EXAMPLE II An alloy Ti-ZrW-C (20.5-2.5-52-25 atomic percent) (standard alloy R1 in FIG. 3) was prepared in the same way as the sample described under Example I. The composite had a hardness of R 87, and the metallographic examination showed small amounts of primary monocarbide in an eutectic matrix (substantially identical to the microstructure shown in photomicrograph of FIG. 2). The average lamellae width of the eutectic was about 0.4 microns. The heterogenous matrix of the photomicrograph of FIG. 2 is an eutectic of metal plus carbide, and the white or light islands are primary carbide. A uniform wera rate of 0.07 mils per minute was derived from a 40-minute turning test of 347 stainless steel with aforesaid standard conditions, yielding an extrpolated tool life of minutes (0.016 inch flank werar). Cratering of the tool after 40 minutes cutting time was negligible.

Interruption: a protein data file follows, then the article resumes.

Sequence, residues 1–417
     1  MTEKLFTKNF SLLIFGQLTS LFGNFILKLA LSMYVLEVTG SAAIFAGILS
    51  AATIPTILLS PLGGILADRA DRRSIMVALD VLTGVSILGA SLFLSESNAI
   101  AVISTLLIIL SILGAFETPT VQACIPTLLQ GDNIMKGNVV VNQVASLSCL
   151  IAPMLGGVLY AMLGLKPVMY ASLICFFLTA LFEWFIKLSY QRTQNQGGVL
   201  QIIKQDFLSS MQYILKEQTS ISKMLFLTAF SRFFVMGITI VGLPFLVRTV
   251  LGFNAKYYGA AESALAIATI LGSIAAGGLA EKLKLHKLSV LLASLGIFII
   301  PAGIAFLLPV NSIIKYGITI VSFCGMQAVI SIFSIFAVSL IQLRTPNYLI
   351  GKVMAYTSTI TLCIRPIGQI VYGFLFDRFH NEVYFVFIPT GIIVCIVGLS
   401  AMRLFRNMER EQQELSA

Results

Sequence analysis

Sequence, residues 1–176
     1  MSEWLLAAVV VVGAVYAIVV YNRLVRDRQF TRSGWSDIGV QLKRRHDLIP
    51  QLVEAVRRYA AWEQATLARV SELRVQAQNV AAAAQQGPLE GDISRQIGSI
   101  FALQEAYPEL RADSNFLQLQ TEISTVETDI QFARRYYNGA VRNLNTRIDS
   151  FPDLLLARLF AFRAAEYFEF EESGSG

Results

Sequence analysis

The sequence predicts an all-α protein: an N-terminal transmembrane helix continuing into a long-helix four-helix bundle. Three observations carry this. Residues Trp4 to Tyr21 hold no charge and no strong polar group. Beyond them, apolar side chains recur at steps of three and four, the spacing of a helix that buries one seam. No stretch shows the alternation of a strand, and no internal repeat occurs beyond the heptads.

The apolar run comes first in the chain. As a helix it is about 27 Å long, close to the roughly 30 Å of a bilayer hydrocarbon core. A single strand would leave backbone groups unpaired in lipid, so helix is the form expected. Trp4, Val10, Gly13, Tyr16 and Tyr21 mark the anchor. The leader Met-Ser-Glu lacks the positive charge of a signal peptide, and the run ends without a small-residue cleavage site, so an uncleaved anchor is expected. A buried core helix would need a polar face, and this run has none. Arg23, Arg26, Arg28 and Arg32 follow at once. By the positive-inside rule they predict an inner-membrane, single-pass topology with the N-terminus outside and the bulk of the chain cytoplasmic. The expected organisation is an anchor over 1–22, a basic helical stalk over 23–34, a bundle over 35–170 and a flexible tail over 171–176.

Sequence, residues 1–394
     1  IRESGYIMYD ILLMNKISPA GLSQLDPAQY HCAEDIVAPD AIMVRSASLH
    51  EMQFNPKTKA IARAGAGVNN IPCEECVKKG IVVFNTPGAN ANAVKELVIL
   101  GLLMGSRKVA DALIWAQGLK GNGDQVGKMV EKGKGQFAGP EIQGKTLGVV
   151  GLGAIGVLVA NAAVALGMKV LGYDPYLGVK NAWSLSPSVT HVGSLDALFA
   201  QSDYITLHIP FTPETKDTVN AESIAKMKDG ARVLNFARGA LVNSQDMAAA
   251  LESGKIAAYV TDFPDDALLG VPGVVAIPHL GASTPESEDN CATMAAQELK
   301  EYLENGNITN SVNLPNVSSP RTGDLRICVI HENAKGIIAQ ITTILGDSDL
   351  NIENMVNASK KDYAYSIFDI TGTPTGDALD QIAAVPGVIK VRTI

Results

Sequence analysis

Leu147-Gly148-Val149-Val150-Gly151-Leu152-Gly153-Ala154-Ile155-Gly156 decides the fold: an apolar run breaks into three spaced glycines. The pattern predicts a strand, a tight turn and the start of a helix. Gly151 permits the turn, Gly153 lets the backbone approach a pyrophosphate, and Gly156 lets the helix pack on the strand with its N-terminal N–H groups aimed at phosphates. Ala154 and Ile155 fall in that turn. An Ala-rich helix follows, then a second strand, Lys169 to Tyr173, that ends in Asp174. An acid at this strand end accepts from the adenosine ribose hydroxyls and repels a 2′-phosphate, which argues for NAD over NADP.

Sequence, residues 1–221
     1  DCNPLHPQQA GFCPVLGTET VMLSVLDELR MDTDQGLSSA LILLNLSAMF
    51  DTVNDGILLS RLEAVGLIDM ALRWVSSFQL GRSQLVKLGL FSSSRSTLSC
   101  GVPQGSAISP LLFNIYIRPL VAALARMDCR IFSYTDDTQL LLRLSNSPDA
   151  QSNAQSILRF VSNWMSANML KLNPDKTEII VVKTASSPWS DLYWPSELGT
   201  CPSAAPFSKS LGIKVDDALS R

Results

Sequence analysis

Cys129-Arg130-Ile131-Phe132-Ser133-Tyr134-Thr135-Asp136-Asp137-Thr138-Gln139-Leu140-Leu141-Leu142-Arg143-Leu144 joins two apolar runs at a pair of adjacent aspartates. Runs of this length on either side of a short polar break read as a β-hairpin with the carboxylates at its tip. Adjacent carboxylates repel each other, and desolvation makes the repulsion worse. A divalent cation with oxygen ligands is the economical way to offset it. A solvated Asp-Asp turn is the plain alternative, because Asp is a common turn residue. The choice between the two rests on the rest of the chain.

EXAMPLE III An are cast alloy Hf-W-C (27-51-22 atomic percent) containing a small amount of primary carbide grains in addition to the eutectic lamellar microstructure was prepared. Tool life in the standard test on 347 stainless steel was 15 minutes, with the tool showing negligible 'crat'ering' or edge wear at the end of thetesti" EXAMPLE IV The alloy cited under Example II and another are cast alloy Ti-HfWC (20.5-2.5-52-25 atomic percent) were tested for edge stability by gradually increasing the feeds while maintaining a surface speed of 400 feet/min. and a cutting depth of 0.050 inch. Both tools performed reliably at feeds up to 0.05. inch per revolution. At still higher feeds, the tool edges showed signs of chipping.